United Airlines overhauls customer services as fightback begins

United Airlines overhauls customer services as fightback begins

United Airlines has announced ten changes to how it flies after weeks of bad publicity.

The changes are the result of an examination of the airline’s procedures in the wake of the forced removal of passenger David Dao from United Express flight 3411 on April 9th.

United now commits to limit use of law enforcement to safety and security issues only, while also not requiring customers seated on the plane to give up their seat involuntarily unless safety or security is at risk.

At the same time the carrier will increase customer compensation incentives for voluntary denied boarding up to $10,000, while establishing a customer solutions team to provide agents with creative solutions such as using nearby airports, other airlines or ground transportations to get customers to their final destination.

While several of these policies are effective immediately, others will be rolled out through the remainder of the year.

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Oscar Munoz, chief executive officer of United Airlines, said, “Every customer deserves to be treated with the highest levels of service and the deepest sense of dignity and respect.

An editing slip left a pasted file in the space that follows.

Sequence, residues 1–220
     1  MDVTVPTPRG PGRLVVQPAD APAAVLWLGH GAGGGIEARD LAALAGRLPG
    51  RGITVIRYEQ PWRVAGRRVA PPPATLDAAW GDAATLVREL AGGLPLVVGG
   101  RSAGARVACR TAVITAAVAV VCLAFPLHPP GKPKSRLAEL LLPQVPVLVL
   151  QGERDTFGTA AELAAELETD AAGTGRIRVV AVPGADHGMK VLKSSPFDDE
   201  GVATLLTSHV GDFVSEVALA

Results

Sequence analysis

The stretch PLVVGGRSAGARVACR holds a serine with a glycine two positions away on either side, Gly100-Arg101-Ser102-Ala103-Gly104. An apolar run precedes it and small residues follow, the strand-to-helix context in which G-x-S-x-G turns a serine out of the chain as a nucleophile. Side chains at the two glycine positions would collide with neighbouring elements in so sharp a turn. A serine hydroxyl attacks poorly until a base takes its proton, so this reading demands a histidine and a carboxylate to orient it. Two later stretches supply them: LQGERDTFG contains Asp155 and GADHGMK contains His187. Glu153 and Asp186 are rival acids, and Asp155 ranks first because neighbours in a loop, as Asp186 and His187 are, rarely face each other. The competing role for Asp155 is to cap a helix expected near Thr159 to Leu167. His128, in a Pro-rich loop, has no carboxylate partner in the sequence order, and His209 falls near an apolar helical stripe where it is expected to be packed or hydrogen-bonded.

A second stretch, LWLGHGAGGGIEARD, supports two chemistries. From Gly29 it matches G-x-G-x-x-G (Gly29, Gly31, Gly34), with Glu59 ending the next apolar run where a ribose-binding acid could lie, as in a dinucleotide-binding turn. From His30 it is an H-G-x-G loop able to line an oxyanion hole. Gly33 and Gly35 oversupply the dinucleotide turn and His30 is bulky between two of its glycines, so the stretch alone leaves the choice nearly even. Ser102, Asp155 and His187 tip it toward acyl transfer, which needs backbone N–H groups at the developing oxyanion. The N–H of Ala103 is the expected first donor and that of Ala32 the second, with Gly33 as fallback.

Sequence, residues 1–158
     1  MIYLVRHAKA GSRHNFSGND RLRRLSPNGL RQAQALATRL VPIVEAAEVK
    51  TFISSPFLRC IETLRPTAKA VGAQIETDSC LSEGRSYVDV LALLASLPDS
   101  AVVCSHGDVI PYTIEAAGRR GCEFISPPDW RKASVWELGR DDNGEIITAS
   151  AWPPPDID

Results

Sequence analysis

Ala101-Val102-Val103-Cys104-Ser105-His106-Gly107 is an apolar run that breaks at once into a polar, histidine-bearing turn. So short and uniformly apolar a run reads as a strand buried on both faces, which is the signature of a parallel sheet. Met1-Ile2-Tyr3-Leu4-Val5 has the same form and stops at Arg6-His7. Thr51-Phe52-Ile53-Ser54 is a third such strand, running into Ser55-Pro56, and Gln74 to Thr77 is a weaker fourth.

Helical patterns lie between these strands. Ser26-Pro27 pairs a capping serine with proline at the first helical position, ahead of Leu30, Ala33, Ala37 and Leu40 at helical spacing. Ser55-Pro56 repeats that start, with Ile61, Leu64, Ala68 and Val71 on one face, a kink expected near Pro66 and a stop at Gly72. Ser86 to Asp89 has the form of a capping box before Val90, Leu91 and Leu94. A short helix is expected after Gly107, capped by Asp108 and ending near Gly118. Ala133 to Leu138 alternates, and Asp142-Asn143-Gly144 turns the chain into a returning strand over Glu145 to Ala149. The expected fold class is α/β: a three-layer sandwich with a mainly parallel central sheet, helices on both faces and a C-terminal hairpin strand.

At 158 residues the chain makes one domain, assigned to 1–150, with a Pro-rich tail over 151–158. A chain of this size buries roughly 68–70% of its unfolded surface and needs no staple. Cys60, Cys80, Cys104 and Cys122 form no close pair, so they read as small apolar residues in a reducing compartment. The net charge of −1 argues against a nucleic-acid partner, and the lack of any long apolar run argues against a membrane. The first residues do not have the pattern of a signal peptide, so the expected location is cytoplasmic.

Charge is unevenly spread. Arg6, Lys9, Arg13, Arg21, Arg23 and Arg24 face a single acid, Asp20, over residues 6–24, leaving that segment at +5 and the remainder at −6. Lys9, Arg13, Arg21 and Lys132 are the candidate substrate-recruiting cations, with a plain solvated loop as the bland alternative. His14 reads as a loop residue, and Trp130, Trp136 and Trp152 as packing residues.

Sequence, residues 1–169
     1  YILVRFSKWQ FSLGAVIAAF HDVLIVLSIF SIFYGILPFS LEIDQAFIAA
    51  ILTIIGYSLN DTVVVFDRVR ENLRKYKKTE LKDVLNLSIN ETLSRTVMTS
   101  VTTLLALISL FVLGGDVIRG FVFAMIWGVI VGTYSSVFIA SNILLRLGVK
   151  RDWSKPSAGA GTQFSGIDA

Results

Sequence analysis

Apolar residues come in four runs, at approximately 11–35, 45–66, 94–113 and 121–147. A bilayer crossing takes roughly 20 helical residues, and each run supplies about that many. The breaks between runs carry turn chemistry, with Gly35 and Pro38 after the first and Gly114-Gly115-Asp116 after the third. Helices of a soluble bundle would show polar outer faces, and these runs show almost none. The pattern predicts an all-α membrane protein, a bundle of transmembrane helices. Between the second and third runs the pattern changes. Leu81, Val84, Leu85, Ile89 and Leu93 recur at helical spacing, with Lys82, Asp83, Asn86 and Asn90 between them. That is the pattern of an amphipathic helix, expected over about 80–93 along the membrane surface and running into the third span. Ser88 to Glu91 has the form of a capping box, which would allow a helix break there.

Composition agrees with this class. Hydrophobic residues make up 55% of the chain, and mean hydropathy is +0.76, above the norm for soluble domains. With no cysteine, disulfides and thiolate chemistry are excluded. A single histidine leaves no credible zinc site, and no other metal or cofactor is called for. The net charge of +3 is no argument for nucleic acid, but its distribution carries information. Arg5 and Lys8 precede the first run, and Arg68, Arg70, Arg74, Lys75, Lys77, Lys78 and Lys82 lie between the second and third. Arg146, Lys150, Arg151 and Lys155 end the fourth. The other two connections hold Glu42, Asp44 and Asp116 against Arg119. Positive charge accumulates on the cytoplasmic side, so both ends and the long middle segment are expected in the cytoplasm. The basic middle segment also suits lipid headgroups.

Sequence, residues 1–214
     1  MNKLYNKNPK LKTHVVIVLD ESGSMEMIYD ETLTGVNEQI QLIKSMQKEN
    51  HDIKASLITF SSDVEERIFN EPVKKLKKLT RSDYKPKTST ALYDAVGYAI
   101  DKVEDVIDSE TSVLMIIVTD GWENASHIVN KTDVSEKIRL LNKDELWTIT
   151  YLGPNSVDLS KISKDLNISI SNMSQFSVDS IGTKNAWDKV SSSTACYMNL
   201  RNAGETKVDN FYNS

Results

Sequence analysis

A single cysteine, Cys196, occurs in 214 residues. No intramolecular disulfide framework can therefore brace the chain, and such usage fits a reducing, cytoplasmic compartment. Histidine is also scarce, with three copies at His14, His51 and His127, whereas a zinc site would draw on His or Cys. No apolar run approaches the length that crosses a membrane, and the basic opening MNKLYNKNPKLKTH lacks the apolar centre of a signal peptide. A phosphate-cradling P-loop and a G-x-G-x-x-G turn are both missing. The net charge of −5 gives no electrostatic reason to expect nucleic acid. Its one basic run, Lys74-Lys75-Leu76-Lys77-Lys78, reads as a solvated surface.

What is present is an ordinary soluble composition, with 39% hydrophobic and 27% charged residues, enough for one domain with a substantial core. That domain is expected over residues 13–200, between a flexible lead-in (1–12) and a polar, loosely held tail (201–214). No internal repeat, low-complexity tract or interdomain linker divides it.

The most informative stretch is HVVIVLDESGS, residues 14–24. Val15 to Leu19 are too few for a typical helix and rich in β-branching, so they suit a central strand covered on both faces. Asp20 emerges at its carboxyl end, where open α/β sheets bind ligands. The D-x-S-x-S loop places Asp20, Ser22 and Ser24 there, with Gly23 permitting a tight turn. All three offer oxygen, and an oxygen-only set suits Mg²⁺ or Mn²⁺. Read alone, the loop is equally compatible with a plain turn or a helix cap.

“Two weeks ago, we failed to meet that standard and we profoundly apologise.

“However, actions speak louder than words.

“Today, we are taking concrete, meaningful action to make things right and ensure nothing like this ever happens again.”

United has also said it will ensure crews are booked onto a flight at least 60 minutes prior to departure, while providing employees with additional annual training.

The airline will create an automated system for soliciting volunteers to change travel plans, reduce the amount of overbooking, and empower employees to resolve customer service issues in the moment.

Finally, United will eliminate the red tape on permanently lost bags by adopting a “no questions asked” policy on lost luggage.

“Our review shows that many things went wrong that day, but the headline is clear: our policies got in the way of our values and procedures interfered in doing what’s right. 

“This is a turning point for all of us at United and it signals a culture shift toward becoming a better, more customer-focused airline. 

“Our customers should be at the centre of everything we do and these changes are just the beginning of how we will earn back their trust,” concluded Munoz.